Abstract Objectives/Scope Supply chain optimization is now an imperative for corporations, unfortunately existing track and trace functionality has not been previously available to cover the end to end supply chain. This is especially true in the Oil & Gas industry which is hampered by poor visibility of assets and equipment affected by onshore and offshore locations, large lay down yards and harsh environments. Historically, one of the greatest impediments to a complete solution has been the varied proprietary active tagging systems that do not allow for interoperability. Methods, Procedures, Process Unlike Passive RFID, which has been based on a universally accepted standard protocol, Active RFID has been based primarily on proprietary protocols. As a result, Active RFID systems have been highly expensive and inflexible. This has driven industry leading companies to express their support for an interoperability standard, similar to the EPC standard for passive RFID. The IEEE 802.15.4 standard, has risen to the top of that list. Specifically developed for active RFID, and based on Wi-Fi, this standard promotes interoperability for asset tracking using active RFID based tags and systems. Driving the movement forward are new products such as the first (and only) intrinsically safe, dual technology tag – IEEE based active and passive RFID. This dual technology results in quickly locating the area of the asset as well as locating the specific item among a stack of like items. Results, Observations, Conclusions The acceptance of the IEEE 802.15.4 open standard for active RFID will encourage innovation and product interoperability that customers have been demanding and will ultimately benefit them by offering a choice of providers and thus eliminating licensing fees and legacy encumbrances, and unreliable technical performance. While end users will realize lower overall costs associated with implementing an active solution, manufacturers will benefit from the lower entry to market which will lead to the greater acceptance of active RFID across the marketplace.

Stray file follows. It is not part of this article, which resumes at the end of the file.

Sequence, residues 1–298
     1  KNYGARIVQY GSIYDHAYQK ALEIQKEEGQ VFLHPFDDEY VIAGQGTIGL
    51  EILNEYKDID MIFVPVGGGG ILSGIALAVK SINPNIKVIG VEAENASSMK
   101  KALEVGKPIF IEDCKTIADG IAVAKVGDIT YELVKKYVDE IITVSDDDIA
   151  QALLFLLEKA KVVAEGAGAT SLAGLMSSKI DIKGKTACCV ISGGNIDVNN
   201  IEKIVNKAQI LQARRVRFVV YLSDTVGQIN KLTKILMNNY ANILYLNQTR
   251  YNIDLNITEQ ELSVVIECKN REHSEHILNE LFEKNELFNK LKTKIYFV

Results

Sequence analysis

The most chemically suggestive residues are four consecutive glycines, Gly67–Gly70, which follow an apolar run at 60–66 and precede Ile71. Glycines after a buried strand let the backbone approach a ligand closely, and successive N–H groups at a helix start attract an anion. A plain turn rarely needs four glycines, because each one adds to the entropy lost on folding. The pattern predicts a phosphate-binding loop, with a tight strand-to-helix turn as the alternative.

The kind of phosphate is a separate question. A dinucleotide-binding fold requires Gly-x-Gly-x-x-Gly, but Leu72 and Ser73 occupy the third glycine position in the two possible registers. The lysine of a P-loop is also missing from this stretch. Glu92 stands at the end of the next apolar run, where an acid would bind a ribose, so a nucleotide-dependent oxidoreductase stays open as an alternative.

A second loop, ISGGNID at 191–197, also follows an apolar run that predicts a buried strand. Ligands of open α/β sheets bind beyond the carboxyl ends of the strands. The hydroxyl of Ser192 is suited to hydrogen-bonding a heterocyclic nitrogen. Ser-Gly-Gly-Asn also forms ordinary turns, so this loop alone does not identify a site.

How Do We Accelerate Uptake and Fulfill the Value Potential of Intelligent Energy? Summary The objective of this paper is to identify ways to accelerate the uptake and fulfill the value potential of Intelligent Energy (IE). The paper is coauthored by a cross-industry group drawn from operators, service providers, and product vendors, all of whom have been involved in the IE arena for 10 years or more. We have analyzed past experiences to identify both ways in which IE has been successful and the improvements that could be made to add value across a broader scale amid the challenges of today's commercial environment. In this paper, assessments are given on IE implementations to identify practical ways in which we can expand deployment and deliver results more quickly, including the importance of collaboration and competition in the IE domain, and how longer-term business models and new organizational ideas could improve the industry's uptake of IE. We have identified two areas in which we believe changes to our approach could deliver significant benefits--through the expanded use of integrated work flows and shared subject-matter-expert (SME) services. We discuss the benefits and challenges of this integrated approach to solution design, work processes, technology, skills, and competencies. Field cases from two major operators are given as best-practice examples on advanced use of IE in the oiland-gas industry. Introduction After more than 10 years of IE initiatives, the industry has increasingly published lessons learned from the early years (e.g., Lilleng et al. 2012; de Best and van den Berg 2012; Dickens et al. 2012; Dhubaiki et al. 2013; Lochmann and Brown 2014; Gilman and Nordtvedt 2014). As IE moves into its second decade, the landscape is changing. The decline in oil price, the resulting pressure on costs, and the rise of unconventionals are just some of the changes that present both risks and opportunities for IE to flourish (Pickering and Sengupta 2015). IE solutions during the first decade focused mainly on new technologies, better use of real-time data, new applications to analyze and visualize data, improving the data foundation, and increasing collaboration. Frequently, this has led to an increase in operational complexity with an associated increase in personnel. The financial climate allowed (or perhaps encouraged) us to work in this way, because the high oil price meant that the greatest benefits came from increasing production rather than cutting costs, and adding personnel made sense if they could deliver increased production. Most operators took a technology-driven, functional approach to provide us with improved surveillance, analysis, and collaboration tools. This has driven us mostly toward developing better tools to improve existing work processes.